Cognitive Dissonance theory might be more important in explaining the Left’s mindset than we appreciate. Although frequently invoked by mainstream conservatives to superficially skewer liberals’ incoherence and hypocrisy, cognitive dissonance should be applied more broadly and explored more deeply. According to psychologists, the dissonance produced in the mind when holding mutually exclusive beliefs is actually nothing short of a form of mental trauma. Facts and opinions which challenge, for instance, one’s self-identity or long-held conventional wisdom can, say experts, result in agony for the afflicted, producing a feeling of desperation akin to starvation or intense thirst. Unsurprisingly then, the resulting discomfort can push the sufferer to great lengths of irrational and extreme behavior in order to obtain relief (Margaret Heffernan, Willful Blindness, pdf here).Understanding cognitive dissonance, therefore, may go far in explaining our opponents’ aggressiveness and, given the growing unreality of today’s society, their increasingly toxic and desperate behavior.
A basic theme in cognitive dissonance literature is that the brain cannot stand conflict. So hard does the brain work towards resolving it, it’s neural circuitry will actually employ faulty reasoning in order to shut down distress. When presented with contradictory positions, it will, in effect, blind itself to them, for instance, by eliminating the new conflicting belief and clinging to the challenged one. Referring to this characteristic of the mind as our “totalitarian ego”, Psychologist Anthony Greenwald says, much like the thought-control and propaganda devices depicted in George Orwell’s 1984, the mind’s biases are firmly enslaved to the ego’s greater central design (for instance, one’s self-image as a humanitarian and morally righteous person, etc.). This would explain much of liberals’ hyper-defensive reaction to evidence regarding racial differences, for instance, and their aggression toward purveyors of such evidence.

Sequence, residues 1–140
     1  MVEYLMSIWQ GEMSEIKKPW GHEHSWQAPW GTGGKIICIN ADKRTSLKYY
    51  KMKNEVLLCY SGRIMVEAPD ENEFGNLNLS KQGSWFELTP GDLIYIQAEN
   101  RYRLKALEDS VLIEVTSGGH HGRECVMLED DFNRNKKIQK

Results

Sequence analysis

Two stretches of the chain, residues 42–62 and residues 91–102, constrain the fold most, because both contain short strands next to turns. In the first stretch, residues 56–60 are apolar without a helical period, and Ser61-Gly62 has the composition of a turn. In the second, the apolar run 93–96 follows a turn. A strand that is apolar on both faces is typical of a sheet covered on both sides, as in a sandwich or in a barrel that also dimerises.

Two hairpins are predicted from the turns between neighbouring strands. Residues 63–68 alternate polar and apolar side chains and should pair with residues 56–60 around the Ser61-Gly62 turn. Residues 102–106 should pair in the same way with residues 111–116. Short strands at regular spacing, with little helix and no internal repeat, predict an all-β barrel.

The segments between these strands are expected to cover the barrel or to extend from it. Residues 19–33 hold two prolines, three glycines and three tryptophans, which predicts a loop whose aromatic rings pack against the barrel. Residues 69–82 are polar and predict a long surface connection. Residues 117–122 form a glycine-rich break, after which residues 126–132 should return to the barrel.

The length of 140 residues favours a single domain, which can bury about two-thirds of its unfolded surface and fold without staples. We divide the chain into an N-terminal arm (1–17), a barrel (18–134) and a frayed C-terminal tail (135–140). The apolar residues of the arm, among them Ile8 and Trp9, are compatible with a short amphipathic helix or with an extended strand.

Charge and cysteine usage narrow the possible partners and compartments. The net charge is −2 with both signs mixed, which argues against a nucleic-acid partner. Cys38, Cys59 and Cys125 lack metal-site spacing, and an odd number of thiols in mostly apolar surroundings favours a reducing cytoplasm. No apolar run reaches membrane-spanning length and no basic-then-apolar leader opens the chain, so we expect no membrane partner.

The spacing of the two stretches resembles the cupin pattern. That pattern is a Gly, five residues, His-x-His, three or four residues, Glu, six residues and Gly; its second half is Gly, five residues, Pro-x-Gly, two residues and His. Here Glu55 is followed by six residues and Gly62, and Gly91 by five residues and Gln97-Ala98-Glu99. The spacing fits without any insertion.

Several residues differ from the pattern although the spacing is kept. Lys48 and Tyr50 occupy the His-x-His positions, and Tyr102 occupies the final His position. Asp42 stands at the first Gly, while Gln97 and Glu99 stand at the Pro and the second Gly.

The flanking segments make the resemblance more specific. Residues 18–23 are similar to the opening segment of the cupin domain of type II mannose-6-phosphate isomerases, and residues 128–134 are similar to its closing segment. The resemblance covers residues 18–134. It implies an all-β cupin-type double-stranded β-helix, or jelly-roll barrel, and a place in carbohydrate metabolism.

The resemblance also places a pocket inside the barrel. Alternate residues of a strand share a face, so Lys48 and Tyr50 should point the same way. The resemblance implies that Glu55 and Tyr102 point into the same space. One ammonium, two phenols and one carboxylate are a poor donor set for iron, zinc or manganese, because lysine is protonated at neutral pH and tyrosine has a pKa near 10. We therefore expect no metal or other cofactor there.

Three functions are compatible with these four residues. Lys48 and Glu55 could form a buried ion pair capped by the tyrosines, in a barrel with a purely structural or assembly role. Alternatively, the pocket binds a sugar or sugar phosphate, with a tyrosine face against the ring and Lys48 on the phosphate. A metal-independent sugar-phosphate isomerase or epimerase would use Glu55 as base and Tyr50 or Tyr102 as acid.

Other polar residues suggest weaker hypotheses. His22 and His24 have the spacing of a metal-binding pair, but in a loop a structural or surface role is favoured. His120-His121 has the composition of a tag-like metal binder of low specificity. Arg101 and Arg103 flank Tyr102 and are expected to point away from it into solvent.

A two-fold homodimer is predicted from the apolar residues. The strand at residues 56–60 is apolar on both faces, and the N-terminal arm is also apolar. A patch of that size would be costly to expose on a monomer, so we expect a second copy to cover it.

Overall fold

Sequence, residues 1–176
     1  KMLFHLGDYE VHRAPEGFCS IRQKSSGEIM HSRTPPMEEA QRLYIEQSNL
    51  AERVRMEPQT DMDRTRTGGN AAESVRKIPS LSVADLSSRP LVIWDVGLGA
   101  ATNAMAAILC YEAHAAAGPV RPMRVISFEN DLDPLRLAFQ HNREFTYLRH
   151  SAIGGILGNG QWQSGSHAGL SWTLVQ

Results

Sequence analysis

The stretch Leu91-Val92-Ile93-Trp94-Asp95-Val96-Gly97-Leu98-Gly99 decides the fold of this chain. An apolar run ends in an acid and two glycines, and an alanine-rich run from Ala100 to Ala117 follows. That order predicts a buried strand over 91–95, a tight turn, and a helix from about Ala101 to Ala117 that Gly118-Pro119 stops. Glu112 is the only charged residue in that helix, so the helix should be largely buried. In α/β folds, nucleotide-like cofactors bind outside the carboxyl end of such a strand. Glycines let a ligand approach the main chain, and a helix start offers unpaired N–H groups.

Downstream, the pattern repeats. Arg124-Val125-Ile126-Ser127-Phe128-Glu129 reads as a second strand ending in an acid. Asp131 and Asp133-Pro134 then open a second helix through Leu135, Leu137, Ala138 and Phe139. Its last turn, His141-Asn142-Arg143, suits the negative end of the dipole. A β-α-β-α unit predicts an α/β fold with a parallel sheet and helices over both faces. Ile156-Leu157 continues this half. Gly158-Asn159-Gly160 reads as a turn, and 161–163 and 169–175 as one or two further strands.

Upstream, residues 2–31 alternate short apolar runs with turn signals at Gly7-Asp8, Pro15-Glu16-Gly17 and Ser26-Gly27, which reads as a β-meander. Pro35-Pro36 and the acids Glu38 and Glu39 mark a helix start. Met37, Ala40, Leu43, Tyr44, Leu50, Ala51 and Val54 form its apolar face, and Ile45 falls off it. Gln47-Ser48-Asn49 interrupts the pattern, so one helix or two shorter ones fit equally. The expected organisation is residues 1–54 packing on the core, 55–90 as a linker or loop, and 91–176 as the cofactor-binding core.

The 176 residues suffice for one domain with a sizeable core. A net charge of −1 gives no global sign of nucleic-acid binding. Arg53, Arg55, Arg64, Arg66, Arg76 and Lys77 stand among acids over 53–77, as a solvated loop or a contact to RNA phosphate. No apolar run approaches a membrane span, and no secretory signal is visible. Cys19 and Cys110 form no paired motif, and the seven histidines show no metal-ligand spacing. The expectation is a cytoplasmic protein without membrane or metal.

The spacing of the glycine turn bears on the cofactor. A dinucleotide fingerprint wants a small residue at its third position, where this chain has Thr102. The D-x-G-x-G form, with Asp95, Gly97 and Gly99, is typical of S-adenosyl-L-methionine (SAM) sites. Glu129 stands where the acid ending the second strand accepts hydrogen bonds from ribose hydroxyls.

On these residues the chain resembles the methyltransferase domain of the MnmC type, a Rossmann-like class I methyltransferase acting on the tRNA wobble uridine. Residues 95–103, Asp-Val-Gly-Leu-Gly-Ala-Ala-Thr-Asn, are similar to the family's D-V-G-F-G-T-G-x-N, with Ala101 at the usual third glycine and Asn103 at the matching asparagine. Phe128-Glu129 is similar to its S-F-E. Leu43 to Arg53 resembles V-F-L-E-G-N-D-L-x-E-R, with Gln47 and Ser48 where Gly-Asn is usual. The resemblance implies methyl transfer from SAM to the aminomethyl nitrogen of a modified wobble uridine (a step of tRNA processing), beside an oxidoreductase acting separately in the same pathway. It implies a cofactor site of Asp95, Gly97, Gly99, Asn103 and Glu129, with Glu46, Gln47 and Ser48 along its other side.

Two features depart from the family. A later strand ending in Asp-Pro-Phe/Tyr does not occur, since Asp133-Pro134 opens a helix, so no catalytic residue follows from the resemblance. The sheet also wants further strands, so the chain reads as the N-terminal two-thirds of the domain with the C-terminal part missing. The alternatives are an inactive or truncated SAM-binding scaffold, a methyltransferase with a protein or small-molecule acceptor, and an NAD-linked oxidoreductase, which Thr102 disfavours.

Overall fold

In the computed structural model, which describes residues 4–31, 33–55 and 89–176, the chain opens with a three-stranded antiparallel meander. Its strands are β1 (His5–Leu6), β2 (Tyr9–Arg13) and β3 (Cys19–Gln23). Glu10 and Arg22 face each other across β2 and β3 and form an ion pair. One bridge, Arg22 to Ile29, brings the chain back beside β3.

Political psychology professor Drew Weston has found that the brain circuits activating biased reasoning are actually the same ones activated in drug-addicts when getting a fix. Like drug-addicts, the cognitively conflicted will do anything to return to a state of comfort and euphoria. The minds of the conflicted can employ numerous stress responses when, for instance, one’s long-held belief or self-image is challenged, such as avoiding the conflicting evidence in question (and any possible sources of such evidence); resorting to self-denial and magical-thinking; even intentionally misremembering or suppressing past experiences i.e. previous episodes of ethnic tension, etc. And when confronted by ideological opponents, the afflicted can resort to convoluted, fantastical arguments as well as hostile or nakedly diversionary ones, such as making dismissive, personal attacks on the opponent’s motives. No doubt many readers have experienced such episodes from liberals before, even to the point of visible neurosis, hysterical anger, or even threatened or actual violence. As Cognitive Dissonance expert Margaret Heffernan says, “we are prepared to pay a very high price to preserve our most cherished ideas.”
The case study which established Cognitive Dissonance theory bears many of these hallmarks. In the 1950s, psychologist Leon Festinger became intrigued with a news story about a doomsday cult whose leader claimed she’d received messages from a UFO about the impending flooding of the Earth. Festinger was struck by the question of what would happen when a deeply-held belief was disconfirmed by events. Posing as a believer, he began attending the group’s meetings, including what was to be the “final” meeting on the eve of the world’s end. When no flood came, the group’s founder miraculously received a new message: that it was because of the group’s virtuousness that the world had been saved. As he wrote in a book about the case, When Prophecy Fails, far from being unswayed, the group felt joyous that their belief system stayed intact and became even stronger in their convictions.